Start Conversations About Money

Who is reading this stuff? Who should be reading this? Are we reaching the people who need this information?

Thanks to a submission to the Carnival of Debt Reduction #61, I stumbled across a post by The Simple Dollar: The Wrong People Are Reading Personal Finance Site.

I feel that TSD’s point is right to an extent; these are topics and subjects that many of us have a real grasp on – but not all of us. We have looked at our retirement options, savings options, debt reduction options, income options – but not all of us.

It is the ‘others’ that we need to be reaching and this reader’s comment reminds us we are. Maybe our influence isn’t always visible, but it is making a difference. How many bloggers have been inspired to address financial issues after reading a pf blog? I was and I even started this site after reading a friend’s blog.

But perhaps these posts help us more in our individual personal relationships and discussions about money. Recently, there have been posts about finances and relationships, including reactions to parents’ spending habits and concern over sibling’s money problems. Maybe we need to move beyond the myob (mind your own business) approach and start financial discussions with peers. Perhaps then we’ll be reaching those who “need” to be hearing this information.

I can say that pf blogging has prompted me to ask more forthright questions about finances, breaking away from that unspoken rule that money is off-limits. In fact, the partner and I got into an investing and savings conversation over a post soccer-game lunch with other parents we knew nothing about and had no real relationship with – we just brought finances into the conversation and it was well received.

We need to set the bar for making conversation about money acceptable, non-threatening, non-comparative, enlightening, and educational. We need to get the word out, on the web and in our communities and families. We recognize that we are not experts, we just recognize the importance of respecting our finances as an important part of our life. This is how to reach others with the wealth of information that we’ve accumulated in this community.

3 Responses to “Start Conversations About Money

  • Everybody Loves Your Money » Blog Archive » Carnival Of Personal Finance #75
    November 19th, 2006 22:25

    […] I’ve had a few calls on this article today. I’d check it out now before it’s GONE! Donna @ The Weight of Money points out that we should all try to work personal finance discussions in to our daily lives.  I agree.  I LOVE to chat about it and frequently do with others around me.  Little by little, I think it makes an impact. […]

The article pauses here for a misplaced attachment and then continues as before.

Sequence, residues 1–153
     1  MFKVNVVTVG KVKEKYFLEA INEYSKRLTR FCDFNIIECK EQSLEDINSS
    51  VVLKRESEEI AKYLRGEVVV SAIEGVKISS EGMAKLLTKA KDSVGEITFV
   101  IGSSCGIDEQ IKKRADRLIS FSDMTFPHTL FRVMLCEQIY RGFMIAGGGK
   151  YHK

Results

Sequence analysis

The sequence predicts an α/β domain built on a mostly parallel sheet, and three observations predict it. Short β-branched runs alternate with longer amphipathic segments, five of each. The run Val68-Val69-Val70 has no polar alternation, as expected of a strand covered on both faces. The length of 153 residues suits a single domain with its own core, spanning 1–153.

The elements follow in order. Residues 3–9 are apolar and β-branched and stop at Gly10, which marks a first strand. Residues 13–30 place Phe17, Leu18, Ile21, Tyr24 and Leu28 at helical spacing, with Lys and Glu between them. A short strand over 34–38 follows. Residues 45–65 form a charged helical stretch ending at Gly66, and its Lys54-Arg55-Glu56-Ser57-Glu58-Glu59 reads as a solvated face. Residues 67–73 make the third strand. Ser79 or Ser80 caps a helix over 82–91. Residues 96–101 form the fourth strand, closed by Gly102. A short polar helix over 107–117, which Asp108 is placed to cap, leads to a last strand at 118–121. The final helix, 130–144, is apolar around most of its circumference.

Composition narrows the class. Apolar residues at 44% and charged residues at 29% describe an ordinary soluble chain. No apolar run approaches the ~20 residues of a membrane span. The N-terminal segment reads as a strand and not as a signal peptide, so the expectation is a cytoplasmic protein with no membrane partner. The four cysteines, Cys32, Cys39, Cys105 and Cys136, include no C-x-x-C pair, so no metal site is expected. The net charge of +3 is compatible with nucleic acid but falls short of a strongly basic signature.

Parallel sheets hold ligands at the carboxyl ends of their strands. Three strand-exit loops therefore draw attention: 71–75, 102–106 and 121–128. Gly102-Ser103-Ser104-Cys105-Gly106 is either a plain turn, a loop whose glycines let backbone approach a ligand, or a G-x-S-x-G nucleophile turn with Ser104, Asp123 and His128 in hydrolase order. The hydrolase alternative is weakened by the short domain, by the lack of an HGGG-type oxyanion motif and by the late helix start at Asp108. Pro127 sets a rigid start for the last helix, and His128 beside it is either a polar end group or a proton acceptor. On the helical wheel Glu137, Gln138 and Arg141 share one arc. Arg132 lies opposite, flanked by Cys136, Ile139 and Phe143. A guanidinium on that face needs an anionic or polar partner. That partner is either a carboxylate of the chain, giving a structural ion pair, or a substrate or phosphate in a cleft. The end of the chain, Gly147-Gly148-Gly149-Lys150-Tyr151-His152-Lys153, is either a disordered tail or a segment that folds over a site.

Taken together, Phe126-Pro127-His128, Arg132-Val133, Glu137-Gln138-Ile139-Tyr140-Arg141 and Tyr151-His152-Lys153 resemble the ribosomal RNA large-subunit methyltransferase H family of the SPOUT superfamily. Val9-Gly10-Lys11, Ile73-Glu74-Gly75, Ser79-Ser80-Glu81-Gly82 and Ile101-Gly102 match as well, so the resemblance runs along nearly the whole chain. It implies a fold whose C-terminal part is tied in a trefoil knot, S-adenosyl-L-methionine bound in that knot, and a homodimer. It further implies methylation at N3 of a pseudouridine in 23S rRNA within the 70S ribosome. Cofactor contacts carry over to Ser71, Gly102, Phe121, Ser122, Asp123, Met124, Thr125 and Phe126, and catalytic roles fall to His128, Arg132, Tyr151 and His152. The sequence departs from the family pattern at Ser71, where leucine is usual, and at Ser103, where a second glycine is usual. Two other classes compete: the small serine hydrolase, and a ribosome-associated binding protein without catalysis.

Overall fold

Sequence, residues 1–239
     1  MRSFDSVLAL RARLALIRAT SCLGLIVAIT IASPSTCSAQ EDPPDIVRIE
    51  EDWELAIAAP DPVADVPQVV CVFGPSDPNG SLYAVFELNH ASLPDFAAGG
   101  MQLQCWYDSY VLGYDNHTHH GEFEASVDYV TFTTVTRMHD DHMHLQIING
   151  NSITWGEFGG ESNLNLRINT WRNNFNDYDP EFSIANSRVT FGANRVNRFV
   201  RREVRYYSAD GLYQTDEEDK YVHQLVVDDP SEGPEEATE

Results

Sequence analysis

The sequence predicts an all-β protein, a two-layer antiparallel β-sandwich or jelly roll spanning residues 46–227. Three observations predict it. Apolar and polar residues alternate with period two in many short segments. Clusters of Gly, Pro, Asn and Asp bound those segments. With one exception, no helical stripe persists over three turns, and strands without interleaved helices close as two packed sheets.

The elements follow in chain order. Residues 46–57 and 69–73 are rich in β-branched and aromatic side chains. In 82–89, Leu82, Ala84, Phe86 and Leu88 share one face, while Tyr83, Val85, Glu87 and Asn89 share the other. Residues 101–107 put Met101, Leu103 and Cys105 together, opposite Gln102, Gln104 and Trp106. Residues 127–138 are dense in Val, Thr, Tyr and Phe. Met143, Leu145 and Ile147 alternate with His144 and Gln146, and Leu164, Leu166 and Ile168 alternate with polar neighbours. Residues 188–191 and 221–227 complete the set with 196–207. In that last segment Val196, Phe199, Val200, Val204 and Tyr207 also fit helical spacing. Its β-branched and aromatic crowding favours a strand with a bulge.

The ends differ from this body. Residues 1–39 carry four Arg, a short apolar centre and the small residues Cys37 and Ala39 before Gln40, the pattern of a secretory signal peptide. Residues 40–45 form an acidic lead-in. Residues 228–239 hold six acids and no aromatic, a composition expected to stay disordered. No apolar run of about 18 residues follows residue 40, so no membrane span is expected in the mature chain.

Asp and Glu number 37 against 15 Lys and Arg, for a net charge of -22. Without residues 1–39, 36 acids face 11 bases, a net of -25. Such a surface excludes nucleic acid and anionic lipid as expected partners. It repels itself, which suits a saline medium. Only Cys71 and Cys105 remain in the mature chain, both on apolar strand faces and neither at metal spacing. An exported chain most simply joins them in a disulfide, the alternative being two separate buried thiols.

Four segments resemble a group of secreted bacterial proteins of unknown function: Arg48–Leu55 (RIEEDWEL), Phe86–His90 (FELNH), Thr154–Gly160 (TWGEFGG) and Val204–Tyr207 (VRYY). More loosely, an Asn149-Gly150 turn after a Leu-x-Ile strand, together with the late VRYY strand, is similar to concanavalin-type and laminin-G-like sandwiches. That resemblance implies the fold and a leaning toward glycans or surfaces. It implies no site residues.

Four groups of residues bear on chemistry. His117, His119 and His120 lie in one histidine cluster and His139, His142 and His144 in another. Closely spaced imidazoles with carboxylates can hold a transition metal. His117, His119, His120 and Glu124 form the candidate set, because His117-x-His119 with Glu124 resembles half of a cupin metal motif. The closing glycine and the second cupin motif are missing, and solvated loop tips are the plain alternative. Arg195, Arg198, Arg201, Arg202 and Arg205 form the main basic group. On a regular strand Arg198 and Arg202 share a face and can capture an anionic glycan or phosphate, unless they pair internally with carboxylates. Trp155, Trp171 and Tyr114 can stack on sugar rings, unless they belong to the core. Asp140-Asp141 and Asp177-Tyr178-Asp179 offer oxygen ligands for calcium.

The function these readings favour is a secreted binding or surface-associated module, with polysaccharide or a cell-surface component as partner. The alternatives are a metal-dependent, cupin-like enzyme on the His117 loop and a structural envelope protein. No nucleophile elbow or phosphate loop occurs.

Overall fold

• Donna
    November 21st, 2006 05:10

    People HATE to talk about money with others. I work in a job where our salaries are public knowledge (teacher), and, we, therefore, have much less incentive to refuse to have financial conversations. However, while some people love to give and receive financial advise, many others are very unwilling to discuss financial issues — even those about using the “flex” plan for example. After I researched it and figured out that by not fully funding our flex plans for medical expenses, we were wasting money, I decided to discuss it with others at work — just a question to see if I was right in my theory. Do you guys use your flex plans; how much do you put away, etc. One person knew nothing about them at all, and most of the rest were very reluctant to use them for fear of throwing away the money. They made me “hesitate” in the decision my husband and I had reached about funding ours more. But, many of these people had no idea what was covered and did not want to be bothered to figure out how much they spend on those things and how it would reduce their tax bill by using pre-tax dollars. It was interesting to note the different personality types: the oh, wow, I never knew that to the I wouldn’t use those things, you CAN waste your money (and, the implicit, and no one can tell me otherwise). In other financial conversations, often started by me, I have seen similar patterns emerge; however, except for one person, no one seems to be interested in “LEARNING” more; many really feel compelled to stick with decisions they have made, even bad ones. But, one woman and I have sort of started looking at debt reduction — I’ve given her some ideas and she’s given me some. It’s fun to talk to her, we both enjoy those conversations. With the others, we’ll have to stick to recipes or babies, students, teaching, history and politics: money is off limits. I think we all get the feeling that we are judged for our money decisions — choices we make and fear that such choices will be viewed as stupid. So, I think you’re right, most people reading this have already decided that they want or need these conversations in life.

    In fact, I think I started my site because of just how few such conversations I could have — I learned things and had no one to bounce the ideas off of. I started the site and joined an instant community of people who want to talk about what they do with their money. Not only has that saved me money at times, but it has allowed me an outlet and kept me focused especially during difficult financial months.

    Good article. Thanks for allowing me to reflect.

  • Talk To Other People About Finance » Blog Archive » - "Live Better - Get Your Think On!"
    November 21st, 2006 23:34

    […] Inspired by The Weight Of Money’s Start Conversations About Money and the conclusion of Ask Uncle Bill’s Don’t Read This By Suze, I started just leaving comments on their posts and decided to expand my thoughts into a full post. […]

Leave a Reply